Tuesday, May 05, 2009

How we come up with ideas

One of my favorite blogs to reads is Pub Rants, agent Kristin Nelson's blog.  Every morning for years I've gone to her blog first thing and I've learned a ton about the industry from her.  I also credit her for being one of the reasons I'm where I am today.  Back in Spring 2006 she ran a fun little contest that I ended up winning -- the prize was a partial critique.  Problem was, I didn't have a partial.  This is what really got me laser focused on writing and what prompted me to start Dead Bodies and Debutantes (and then I wrote The Forest of Hands and Teeth when I needed a new project but couldn't get the protag of Debs and Death out of my head).  Incidentally, I "won" another contest she held (pitch critiques) and ended up getting a partial request which is how I became friends with Diana, without whose help I doubt I would have never subbed FHT.

See -- it really all does go back to Kristin (crazy, right?).   Anyway, one of the things I loved most about her blog (particularly before I sold) was reading what editors are looking for.  I found this peek into editor's wants fascinating.  I love speculating about the market but I was also one of those writers who tried to be aware of what's selling.  I spent a lot of time trying to come up with the most marketable ideas I could.

I've mentioned before that when I wrote FHT I was utterly convinced there would be no market.  I was positive that not only would agents auto reject my query, but that they'd pass it around so everyone could get a good laugh.  In fact, one of the reasons I even queried my agent, Jim , is that I knew he's recently sold an adult zombie book and therefore wouldn't laugh at the word "zombie" in my query.  When I was writing FHT sure there was The Zombie Survival Guide and the remake of Dawn of the Dead, but as far as I knew, zombies were never going to be a trend.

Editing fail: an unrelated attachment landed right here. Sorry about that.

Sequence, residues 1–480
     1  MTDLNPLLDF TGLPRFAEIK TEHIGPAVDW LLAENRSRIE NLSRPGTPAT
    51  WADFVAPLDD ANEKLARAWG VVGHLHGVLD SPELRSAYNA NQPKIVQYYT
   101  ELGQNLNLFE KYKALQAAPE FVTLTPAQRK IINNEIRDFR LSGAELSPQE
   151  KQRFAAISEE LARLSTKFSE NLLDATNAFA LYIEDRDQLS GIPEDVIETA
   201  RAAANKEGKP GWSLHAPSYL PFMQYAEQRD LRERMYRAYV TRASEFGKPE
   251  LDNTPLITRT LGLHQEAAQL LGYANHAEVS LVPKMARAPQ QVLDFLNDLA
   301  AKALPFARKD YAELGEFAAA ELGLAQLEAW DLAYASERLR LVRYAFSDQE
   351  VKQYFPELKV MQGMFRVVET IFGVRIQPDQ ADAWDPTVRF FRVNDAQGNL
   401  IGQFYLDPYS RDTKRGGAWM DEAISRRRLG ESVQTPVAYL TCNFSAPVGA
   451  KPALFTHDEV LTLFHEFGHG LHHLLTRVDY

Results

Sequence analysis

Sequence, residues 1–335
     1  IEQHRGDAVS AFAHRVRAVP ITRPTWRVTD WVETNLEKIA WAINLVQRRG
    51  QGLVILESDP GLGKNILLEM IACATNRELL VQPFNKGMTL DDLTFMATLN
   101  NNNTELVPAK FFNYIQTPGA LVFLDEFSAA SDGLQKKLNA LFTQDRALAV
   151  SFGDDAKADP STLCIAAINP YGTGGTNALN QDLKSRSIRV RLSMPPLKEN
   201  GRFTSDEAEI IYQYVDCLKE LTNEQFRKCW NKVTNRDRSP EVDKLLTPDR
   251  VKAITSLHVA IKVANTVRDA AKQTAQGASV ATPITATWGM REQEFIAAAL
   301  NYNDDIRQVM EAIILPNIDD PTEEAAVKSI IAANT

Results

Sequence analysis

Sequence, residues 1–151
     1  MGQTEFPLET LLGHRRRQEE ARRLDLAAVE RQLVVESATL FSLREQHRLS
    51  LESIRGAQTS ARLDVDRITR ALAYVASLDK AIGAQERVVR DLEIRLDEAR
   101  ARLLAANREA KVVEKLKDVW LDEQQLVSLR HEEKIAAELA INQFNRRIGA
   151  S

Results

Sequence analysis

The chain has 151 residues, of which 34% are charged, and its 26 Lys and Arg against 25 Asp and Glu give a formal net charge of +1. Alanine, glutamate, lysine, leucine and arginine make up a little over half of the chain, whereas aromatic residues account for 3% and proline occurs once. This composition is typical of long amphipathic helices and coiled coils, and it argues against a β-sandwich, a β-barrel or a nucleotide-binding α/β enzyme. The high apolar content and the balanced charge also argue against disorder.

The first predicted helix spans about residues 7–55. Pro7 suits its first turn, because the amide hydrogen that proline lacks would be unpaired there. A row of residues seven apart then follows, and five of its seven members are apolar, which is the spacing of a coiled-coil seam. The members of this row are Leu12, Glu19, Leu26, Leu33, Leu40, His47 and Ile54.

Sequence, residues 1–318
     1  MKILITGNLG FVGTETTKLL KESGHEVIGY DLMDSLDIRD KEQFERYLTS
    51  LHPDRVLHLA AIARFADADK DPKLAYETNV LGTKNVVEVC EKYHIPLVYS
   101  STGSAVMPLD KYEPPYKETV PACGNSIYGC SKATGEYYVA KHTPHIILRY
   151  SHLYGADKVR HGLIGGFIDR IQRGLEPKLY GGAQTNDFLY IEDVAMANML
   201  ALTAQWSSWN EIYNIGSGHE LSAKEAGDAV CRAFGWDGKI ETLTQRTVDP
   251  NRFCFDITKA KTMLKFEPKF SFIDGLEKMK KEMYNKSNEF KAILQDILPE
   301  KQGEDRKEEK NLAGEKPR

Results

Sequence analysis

FHT was really the first time I wrote a book without caring about the saleability or the market for it.  I just loved the story and was tired of writing things I'd think would sell only to find out they wouldn't.  (Actually, now that I think about it I wasn't totally blind to some aspects of the market -- I knew I wanted it to be YA and so every time I tended toward a plot point that was too adult my critique partner would reign me in.)

So you can imagine how strange it was for me to catch up on Kristin's blog and find that in a recap of The London Book Fair she mentions how the UK is looking for "literary zombies."  My reaction was similar to one of the comments -- really?  literary zombies are a "thing" now?  Two commenters point out examples of literary zombies: Pride & Prejudice & Zombies and FHT (thanks Mari Mancusi!).   And so suddenly I just had this utterly surreal moment of thinking of myself a few years ago reading Kristin's blog trying to learn as much about the market as I could and I know I would have been that anon commenter saying "truly, am I the only one who laughed at literary zombies?"  Really, could there be an aspiring author out there checking out that list going "hmmm... literary zombies..." and it getting their minds whirring?  I mean that would be awesome, but also totally surreal.

I really admire authors who are able to look at what editors are looking for or what's going on in the market and capitalize on it, especially since I spent so much time trying to do that and never could.  It's REALLY hard to do and so when an author's able to pull it off I think it's totally awesome.  One of those authors is Aprilynne Pike, whose debut WINGS is out today (to a ton of buzz and fanfare).  She's talked about how she came up with the idea in interviews and in her podcast (here) but essentially she was reading on Kristin Nelson's blog about the B&N buyer predicting faeries to be hot in YA.  That's what led Aprilynne to put two and two together -- she'd always loved faeries, she wanted to write YA and BAM - she decided to write a faerie YA book.  She then spent a lot of time crafting a unique spin, wrote the whole thing in less than two months and sold it in a four book series!

I love her story because I feel like it's something I tried so hard to do and failed (hey, even if I failed at least I now know the thought process wasn't totally skewed).  But I also love her story because ultimately it's so different than mine.  I love that two people can have a different approach and both succeed.  I think it just goes to show that everyone's path in this business is different!!

Hopefully all that makes sense - lol.  But the bottom line is ultimately, congrats to Aprilynne for her debut Wings!

1 comment:

David said...

Trying to play the market is definitely a risky game. I guess all you can hope is that you love to write whatever it is that you think is about to take off.